Money, money, money! \:D/

It's good to be finally reap the reward of being a first time homeowner. :D

Wally
2005-Feb-02, 01:59 PM
Candy. If you're getting tons back this year due to interest on your mortgage, strongly consider modifying your W-4 to increase your federal exemptions. No sense letting the guv'mint have your $$$ all year instead of you!!!

I currently have my fed exemptions set at 3, and I still get a little chunck back come tax time, but not the several thousand one friend of mine "proudly" receives every year. #-o

(he acts like he won the lottery every year when he gets his check. . . :roll: )

Bawheid
2005-Feb-02, 02:05 PM
Candy. If you're getting tons back this year due to interest on your mortgage, strongly consider modifying your W-4 to increase your federal exemptions. No sense letting the guv'mint have your $$$ all year instead of you!!!

I currently have my fed exemptions set at 3, and I still get a little chunck back come tax time, but not the several thousand one friend of mine "proudly" receives every year. #-o

(he acts like he won the lottery every year when he gets his check. . . :roll: )

I think this is exactly what Triangleman meant, there is always something to consider which won't be picked up by a programme however good.

Candy
2005-Feb-02, 02:05 PM
I currently have my fed exemptions set at 3, and I still get a little chunck back come tax time, but not the several thousand one friend of mine "proudly" receives every year. #-o
How can you do 3?

I claim 0 now. I could do head-of-household and single, giving me 2.

This is a good idea, Wally, now that I took a 10% paycut. :o

Candy
2005-Feb-02, 02:08 PM
Candy. If you're getting tons back this year due to interest on your mortgage, strongly consider modifying your W-4 to increase your federal exemptions. No sense letting the guv'mint have your $$$ all year instead of you!!!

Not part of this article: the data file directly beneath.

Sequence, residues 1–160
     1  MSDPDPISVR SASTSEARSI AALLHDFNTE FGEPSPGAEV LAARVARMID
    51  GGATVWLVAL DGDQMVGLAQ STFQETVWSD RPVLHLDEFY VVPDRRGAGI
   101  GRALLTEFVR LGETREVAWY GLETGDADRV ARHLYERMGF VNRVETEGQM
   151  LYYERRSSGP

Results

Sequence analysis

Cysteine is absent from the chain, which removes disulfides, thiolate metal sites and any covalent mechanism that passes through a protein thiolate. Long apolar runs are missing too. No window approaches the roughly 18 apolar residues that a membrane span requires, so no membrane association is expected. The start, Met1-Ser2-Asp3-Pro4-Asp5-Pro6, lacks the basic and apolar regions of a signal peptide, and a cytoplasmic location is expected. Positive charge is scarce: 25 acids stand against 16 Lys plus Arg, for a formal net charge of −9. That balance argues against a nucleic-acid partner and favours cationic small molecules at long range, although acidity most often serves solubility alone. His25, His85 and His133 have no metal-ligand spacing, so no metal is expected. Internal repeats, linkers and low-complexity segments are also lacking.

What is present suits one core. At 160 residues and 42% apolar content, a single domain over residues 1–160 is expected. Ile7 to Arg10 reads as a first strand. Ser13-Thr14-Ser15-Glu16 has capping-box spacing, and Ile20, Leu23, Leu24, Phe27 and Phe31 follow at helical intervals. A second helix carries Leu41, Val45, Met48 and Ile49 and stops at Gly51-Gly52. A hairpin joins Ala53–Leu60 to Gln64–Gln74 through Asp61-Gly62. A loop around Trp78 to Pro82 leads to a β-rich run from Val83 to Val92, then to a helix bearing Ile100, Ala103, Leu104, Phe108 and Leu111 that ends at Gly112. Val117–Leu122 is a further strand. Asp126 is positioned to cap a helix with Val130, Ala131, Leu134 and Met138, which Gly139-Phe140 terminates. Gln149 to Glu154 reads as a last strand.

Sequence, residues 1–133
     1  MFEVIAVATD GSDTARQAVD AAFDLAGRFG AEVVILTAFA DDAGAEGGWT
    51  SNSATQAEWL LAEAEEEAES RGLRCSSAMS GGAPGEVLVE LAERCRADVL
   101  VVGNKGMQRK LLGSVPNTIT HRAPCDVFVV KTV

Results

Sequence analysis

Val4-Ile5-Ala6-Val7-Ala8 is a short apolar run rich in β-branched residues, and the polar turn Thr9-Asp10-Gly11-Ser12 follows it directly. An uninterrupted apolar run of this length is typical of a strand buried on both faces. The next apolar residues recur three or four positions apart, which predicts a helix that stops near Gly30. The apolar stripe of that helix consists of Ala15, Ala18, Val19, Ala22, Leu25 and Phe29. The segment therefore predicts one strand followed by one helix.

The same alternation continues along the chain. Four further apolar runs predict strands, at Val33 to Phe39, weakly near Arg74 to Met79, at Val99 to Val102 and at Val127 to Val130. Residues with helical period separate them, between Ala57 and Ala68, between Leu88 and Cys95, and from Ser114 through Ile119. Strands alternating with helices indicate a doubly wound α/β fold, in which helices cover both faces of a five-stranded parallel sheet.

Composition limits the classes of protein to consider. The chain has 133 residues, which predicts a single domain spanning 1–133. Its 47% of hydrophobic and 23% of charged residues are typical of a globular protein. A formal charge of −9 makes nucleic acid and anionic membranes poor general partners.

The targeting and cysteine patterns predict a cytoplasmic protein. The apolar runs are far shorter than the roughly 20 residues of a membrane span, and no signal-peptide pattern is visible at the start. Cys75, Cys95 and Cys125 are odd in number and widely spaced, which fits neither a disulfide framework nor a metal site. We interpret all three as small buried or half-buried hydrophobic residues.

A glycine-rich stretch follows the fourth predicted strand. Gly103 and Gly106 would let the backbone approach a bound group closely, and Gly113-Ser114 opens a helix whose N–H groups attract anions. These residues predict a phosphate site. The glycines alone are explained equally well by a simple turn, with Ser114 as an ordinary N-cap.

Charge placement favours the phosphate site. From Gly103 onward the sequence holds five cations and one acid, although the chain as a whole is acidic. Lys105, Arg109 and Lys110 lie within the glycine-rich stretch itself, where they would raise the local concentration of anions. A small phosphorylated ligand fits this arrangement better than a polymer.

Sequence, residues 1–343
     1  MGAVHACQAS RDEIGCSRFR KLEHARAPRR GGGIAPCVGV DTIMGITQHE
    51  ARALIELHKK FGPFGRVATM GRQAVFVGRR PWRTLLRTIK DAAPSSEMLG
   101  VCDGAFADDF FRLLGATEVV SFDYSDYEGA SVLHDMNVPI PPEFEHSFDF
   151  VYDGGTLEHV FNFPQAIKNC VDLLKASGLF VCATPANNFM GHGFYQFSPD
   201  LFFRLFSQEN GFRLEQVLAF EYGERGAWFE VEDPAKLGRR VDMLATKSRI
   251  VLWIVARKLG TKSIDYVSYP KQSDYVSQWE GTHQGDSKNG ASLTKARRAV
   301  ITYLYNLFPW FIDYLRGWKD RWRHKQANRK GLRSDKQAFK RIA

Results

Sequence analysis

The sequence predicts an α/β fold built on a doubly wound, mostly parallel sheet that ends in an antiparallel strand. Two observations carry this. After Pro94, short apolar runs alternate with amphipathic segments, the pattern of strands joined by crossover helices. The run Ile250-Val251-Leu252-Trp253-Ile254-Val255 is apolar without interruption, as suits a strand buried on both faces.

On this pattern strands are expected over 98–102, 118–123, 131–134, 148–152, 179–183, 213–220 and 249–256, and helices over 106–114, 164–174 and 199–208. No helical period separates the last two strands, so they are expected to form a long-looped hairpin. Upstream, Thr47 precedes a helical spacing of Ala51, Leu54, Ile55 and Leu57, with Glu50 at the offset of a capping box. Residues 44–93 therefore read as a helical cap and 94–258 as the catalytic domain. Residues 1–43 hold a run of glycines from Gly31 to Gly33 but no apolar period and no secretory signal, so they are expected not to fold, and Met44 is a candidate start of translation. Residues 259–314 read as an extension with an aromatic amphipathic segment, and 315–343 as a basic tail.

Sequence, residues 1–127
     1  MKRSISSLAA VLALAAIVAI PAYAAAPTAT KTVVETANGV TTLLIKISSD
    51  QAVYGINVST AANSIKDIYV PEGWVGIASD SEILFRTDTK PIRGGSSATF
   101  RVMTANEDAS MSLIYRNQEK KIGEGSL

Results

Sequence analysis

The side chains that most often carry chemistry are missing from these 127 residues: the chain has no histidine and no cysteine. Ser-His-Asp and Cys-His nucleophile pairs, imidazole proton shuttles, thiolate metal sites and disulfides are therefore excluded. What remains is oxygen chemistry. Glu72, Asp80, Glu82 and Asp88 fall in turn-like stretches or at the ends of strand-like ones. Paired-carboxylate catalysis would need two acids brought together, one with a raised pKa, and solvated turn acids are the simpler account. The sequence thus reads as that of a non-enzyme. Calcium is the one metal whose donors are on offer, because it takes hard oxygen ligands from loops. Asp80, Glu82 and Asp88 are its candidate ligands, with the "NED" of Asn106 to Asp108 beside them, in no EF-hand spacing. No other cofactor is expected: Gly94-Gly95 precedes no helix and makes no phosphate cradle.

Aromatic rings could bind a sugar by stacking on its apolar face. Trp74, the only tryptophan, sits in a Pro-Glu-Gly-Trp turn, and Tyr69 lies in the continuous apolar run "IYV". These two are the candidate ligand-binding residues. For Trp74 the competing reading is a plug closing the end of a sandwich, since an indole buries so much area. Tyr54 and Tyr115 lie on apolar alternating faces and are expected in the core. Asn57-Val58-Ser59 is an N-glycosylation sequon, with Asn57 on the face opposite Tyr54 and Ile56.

I currently have my fed exemptions set at 3, and I still get a little chunck back come tax time, but not the several thousand one friend of mine "proudly" receives every year. #-o

(he acts like he won the lottery every year when he gets his check. . . :roll: )

I think this is exactly what Triangleman meant, there is always something to consider which won't be picked up by a programme however good.
I wouldn't even have picked this up, nor H&R Block (which did my taxes last year). :-?

TriangleMan
2005-Feb-02, 02:14 PM
TriangleMan, you might want to look at the free demonstration from the TurboTax link? :wink:
No way. I don't need to file tax returns anymore so I'm through looking at that stuff. Just because I'm an accountant doesn't mean I actually like tax returns! :)

Sammy
2005-Feb-02, 05:18 PM
Sorry TriangleMan, but you are just dead wrong on several points.

TurboTax does deal with every complexity of a small business/rental property scenario. I had rental property, I had a small inventory-driven business, and I now have a consulting service business, as does my wife. The program goes into exhaustive detail in its "Interview" mode to capture all the needed data info and raises multiple scenarios and possibilties. And I DO NOT use Quickbooks or any other accounting software except Microsoft Money to track personal expenditures and occasional purchases for the business.